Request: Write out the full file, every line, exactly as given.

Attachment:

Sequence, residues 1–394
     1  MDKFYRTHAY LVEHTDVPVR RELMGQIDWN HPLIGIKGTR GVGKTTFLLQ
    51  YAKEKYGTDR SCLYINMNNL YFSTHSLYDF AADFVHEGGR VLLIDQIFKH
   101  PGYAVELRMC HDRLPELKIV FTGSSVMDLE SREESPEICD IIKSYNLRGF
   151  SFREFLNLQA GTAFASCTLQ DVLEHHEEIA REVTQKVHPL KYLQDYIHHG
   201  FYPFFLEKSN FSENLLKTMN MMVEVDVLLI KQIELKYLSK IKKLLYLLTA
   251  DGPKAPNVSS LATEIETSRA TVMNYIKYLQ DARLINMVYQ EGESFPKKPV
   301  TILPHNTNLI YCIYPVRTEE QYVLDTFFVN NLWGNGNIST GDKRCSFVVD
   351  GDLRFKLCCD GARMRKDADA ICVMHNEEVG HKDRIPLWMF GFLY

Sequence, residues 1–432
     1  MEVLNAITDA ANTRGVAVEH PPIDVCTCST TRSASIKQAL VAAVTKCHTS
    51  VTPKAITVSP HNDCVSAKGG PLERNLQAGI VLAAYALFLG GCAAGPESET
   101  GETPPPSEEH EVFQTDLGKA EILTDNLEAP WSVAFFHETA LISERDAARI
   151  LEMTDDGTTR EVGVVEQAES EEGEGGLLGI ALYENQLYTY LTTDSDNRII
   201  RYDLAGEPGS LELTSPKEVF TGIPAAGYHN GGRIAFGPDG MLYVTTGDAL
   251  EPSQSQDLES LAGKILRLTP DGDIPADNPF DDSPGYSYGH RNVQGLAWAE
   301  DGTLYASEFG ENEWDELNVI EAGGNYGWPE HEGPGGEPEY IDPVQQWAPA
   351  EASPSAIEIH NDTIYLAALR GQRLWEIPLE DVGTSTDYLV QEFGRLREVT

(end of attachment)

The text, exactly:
Sequence, residues 1–394
     1  MDKFYRTHAY LVEHTDVPVR RELMGQIDWN HPLIGIKGTR GVGKTTFLLQ
    51  YAKEKYGTDR SCLYINMNNL YFSTHSLYDF AADFVHEGGR VLLIDQIFKH
   101  PGYAVELRMC HDRLPELKIV FTGSSVMDLE SREESPEICD IIKSYNLRGF
   151  SFREFLNLQA GTAFASCTLQ DVLEHHEEIA REVTQKVHPL KYLQDYIHHG
   201  FYPFFLEKSN FSENLLKTMN MMVEVDVLLI KQIELKYLSK IKKLLYLLTA
   251  DGPKAPNVSS LATEIETSRA TVMNYIKYLQ DARLINMVYQ EGESFPKKPV
   301  TILPHNTNLI YCIYPVRTEE QYVLDTFFVN NLWGNGNIST GDKRCSFVVD
   351  GDLRFKLCCD GARMRKDADA ICVMHNEEVG HKDRIPLWMF GFLY

Sequence, residues 1–432
     1  MEVLNAITDA ANTRGVAVEH PPIDVCTCST TRSASIKQAL VAAVTKCHTS
    51  VTPKAITVSP HNDCVSAKGG PLERNLQAGI VLAAYALFLG GCAAGPESET
   101  GETPPPSEEH EVFQTDLGKA EILTDNLEAP WSVAFFHETA LISERDAARI
   151  LEMTDDGTTR EVGVVEQAES EEGEGGLLGI ALYENQLYTY LTTDSDNRII
   201  RYDLAGEPGS LELTSPKEVF TGIPAAGYHN GGRIAFGPDG MLYVTTGDAL
   251  EPSQSQDLES LAGKILRLTP DGDIPADNPF DDSPGYSYGH RNVQGLAWAE
   301  DGTLYASEFG ENEWDELNVI EAGGNYGWPE HEGPGGEPEY IDPVQQWAPA
   351  EASPSAIEIH NDTIYLAALR GQRLWEIPLE DVGTSTDYLV QEFGRLREVT